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I'm a romantic comedy geek and this is my favorite of the genre. If you don't enjoy romantic comedies, don't bother rating this production or any other in this category. I dislike sci-fi, so I don't rate it; it'd just be bad. I'm convinced that the bad ratings given to Bridget Jones are from people who dislike the genre, because this movie is just plain fun entertainment! It is more comedy than romance, so if you're more about the rom than the com, keep that in mind.
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...and also one of the rare cases where the movie is better than the book that it's based on, and I think the book is very good. Helen Fielding wrote both, and her screenplay is very funny, and very clever. Zellweger is of course fantastic as Bridget Jones. There are so many great scenes, but my favorite one is probably the dinner party sequence where she's the only single person, and the overly enthusiastic pregnant couple makes her feel really bad about being single. But then Mark Darcy comforts her, and tells her that he likes her "just as you are."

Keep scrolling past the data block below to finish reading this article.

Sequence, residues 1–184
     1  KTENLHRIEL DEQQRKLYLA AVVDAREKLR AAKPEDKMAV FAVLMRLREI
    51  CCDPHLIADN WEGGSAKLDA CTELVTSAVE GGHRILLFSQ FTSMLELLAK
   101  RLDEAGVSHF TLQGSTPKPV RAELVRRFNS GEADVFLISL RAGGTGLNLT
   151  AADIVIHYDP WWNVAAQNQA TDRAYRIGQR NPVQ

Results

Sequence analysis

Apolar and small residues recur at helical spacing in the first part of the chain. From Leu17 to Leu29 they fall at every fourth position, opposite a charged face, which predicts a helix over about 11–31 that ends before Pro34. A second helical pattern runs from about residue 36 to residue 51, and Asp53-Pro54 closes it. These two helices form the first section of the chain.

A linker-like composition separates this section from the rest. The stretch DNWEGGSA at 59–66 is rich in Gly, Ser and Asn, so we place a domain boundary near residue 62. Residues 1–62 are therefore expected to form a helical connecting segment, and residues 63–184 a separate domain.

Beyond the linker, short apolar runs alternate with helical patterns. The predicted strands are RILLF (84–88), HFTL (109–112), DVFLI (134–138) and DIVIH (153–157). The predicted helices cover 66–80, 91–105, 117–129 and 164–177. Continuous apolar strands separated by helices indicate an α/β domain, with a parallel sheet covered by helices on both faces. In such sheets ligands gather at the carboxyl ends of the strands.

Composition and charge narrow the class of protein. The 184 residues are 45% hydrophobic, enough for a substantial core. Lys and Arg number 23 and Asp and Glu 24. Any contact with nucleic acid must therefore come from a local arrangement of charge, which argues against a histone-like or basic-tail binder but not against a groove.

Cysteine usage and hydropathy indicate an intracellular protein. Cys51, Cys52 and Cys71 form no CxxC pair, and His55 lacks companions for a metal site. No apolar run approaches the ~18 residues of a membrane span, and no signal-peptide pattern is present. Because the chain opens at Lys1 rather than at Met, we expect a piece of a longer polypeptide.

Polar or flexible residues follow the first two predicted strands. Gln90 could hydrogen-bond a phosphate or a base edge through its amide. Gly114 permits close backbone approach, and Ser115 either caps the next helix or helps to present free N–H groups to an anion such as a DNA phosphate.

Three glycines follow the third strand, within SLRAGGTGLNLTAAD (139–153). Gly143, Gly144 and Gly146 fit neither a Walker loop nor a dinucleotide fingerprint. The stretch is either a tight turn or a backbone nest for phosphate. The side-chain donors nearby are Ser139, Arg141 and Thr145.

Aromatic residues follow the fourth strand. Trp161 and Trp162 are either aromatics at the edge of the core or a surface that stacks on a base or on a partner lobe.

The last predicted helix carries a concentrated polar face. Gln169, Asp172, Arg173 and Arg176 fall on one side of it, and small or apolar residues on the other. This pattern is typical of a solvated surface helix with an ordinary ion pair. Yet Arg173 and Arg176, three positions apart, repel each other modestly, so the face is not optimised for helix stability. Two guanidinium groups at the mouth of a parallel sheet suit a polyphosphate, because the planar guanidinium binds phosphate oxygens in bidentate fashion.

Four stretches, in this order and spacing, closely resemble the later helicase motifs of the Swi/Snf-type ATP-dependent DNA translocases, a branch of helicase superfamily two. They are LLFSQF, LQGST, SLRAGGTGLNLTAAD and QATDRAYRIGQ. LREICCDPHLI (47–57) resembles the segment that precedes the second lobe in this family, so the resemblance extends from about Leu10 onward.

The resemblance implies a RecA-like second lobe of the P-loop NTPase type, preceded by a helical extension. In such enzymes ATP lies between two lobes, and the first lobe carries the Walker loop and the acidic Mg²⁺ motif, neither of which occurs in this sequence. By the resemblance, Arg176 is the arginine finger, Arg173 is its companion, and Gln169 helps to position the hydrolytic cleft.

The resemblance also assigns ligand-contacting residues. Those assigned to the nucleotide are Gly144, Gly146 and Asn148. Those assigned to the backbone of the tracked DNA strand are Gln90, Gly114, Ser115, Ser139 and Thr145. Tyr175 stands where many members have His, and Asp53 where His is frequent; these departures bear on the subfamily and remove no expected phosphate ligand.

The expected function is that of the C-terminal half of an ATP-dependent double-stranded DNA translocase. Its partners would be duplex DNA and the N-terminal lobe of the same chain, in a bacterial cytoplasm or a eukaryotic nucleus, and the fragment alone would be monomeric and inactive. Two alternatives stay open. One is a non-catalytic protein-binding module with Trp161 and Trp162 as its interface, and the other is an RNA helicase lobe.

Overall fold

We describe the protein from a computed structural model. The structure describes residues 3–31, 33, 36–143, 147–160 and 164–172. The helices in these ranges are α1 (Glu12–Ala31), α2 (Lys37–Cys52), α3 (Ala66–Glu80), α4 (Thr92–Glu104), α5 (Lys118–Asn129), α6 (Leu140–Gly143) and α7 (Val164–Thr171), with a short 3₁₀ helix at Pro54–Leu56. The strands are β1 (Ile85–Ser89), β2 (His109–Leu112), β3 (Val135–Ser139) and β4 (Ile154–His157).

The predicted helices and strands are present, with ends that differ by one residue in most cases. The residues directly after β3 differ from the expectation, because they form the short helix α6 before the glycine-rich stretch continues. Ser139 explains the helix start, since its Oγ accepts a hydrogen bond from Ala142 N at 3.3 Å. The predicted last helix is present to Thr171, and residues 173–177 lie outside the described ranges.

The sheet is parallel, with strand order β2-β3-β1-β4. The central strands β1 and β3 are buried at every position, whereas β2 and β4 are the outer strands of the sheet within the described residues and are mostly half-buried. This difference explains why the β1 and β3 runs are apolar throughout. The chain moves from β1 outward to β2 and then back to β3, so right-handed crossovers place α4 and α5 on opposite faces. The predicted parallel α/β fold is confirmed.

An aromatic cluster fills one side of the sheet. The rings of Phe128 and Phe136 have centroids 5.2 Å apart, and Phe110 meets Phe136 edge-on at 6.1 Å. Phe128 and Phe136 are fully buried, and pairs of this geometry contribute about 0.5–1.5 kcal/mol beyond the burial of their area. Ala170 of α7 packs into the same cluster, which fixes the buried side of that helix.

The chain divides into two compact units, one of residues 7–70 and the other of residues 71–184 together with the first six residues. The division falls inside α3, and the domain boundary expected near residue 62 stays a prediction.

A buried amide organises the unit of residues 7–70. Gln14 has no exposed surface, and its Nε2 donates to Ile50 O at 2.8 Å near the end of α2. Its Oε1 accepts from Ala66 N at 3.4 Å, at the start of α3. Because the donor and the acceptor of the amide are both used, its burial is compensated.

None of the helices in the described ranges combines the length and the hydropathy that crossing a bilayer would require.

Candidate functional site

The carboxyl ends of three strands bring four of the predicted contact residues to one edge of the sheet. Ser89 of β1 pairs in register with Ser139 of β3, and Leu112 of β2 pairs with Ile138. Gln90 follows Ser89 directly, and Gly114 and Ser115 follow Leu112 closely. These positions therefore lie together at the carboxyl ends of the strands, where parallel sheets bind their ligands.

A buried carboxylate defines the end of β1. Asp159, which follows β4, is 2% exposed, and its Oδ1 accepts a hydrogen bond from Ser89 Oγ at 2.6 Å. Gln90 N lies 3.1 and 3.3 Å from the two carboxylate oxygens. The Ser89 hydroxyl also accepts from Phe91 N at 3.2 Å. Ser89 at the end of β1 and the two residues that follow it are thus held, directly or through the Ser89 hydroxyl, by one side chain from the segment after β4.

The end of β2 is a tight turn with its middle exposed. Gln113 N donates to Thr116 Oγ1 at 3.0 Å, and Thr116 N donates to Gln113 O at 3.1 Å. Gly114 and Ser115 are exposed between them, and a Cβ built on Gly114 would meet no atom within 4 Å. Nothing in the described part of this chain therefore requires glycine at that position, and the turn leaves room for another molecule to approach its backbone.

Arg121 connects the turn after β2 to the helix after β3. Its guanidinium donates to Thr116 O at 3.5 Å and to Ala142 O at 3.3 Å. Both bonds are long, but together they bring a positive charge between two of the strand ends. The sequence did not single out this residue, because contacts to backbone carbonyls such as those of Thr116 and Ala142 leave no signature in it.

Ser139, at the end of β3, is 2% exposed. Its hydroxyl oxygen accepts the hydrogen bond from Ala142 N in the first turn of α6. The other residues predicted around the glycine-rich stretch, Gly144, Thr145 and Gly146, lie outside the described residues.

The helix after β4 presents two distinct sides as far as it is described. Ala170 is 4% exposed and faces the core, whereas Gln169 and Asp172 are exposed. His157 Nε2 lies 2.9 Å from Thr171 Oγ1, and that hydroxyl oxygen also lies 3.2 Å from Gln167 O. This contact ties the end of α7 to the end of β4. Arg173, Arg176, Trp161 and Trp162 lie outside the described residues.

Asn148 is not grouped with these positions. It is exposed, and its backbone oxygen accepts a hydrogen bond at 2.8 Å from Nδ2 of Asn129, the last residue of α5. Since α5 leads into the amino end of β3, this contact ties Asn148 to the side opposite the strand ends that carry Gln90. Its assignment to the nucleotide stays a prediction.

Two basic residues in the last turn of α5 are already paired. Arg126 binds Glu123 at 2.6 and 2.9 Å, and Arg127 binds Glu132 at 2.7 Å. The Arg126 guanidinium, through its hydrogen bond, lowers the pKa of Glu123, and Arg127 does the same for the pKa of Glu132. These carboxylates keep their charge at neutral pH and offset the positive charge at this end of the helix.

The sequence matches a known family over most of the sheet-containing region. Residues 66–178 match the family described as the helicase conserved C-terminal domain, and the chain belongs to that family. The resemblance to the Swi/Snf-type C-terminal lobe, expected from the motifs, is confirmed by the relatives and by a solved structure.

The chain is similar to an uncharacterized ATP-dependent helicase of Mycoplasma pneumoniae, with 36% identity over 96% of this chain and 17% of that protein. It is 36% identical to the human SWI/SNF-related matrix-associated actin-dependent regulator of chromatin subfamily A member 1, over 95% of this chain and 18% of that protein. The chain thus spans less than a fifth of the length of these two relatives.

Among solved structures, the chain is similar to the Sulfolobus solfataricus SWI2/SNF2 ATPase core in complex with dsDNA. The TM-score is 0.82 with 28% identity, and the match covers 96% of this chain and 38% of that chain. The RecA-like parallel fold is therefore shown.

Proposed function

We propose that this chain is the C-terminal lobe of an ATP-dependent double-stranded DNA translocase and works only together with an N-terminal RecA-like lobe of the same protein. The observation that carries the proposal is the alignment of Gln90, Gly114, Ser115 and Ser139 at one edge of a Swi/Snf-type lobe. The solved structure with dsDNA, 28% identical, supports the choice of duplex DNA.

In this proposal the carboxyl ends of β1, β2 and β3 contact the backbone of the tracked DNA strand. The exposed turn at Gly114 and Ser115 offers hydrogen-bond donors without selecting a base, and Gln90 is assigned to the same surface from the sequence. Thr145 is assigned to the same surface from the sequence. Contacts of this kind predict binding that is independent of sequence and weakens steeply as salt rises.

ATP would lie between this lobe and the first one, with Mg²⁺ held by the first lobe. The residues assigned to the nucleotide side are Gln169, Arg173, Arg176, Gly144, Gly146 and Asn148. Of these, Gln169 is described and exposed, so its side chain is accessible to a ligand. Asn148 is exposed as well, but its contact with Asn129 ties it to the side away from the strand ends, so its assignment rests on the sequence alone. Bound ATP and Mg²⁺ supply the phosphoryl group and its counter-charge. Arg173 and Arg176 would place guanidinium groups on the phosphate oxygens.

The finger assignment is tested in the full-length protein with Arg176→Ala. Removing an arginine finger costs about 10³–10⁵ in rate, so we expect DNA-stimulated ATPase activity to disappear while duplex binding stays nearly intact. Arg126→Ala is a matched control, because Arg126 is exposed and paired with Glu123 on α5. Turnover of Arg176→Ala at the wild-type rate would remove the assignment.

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This is Romantic comedy and based on the novel written by Helen Fielding. This story is about a single woman who is struggling to get a boyfriend.Bridget goes to her parent's house on Christmas day. Every year, Bridget's mother introduces her a single boring man. This year she meets a tall man wearing frumpy sweater with a reindeer illustration. She talks with him, Mark. After that, she hears he say criticize about Bridget to his mother. Bridget is indignant at him and starts to write a diary to reconsider about own character. She likes Daniel who is her boss and handsome guy. They get close and date many times, but Daniel is a playboy and he engages to the other American woman. So Bridget quits job and becomes a TV reporter. One day she is invited to her friend's dinner party and encounters Mark there. He ways he likes her. And then, on Bridget's birthday, Mark visit to her. Bridget, Mark and her friends are having party. Then, Daniel comes to the house and says he loves her. Mark gets angry and they fight. On Christmas, listening to Pamela's story, Bridget realizes that Daniel is a liar and Mark is sincere. This story has a lot of funny scenes. My favorite is Daniel looks at Bridget's big underpants. But not just funny scene, it has romantic and sad scenes. You must enjoy this film. This is heart warming amusing story.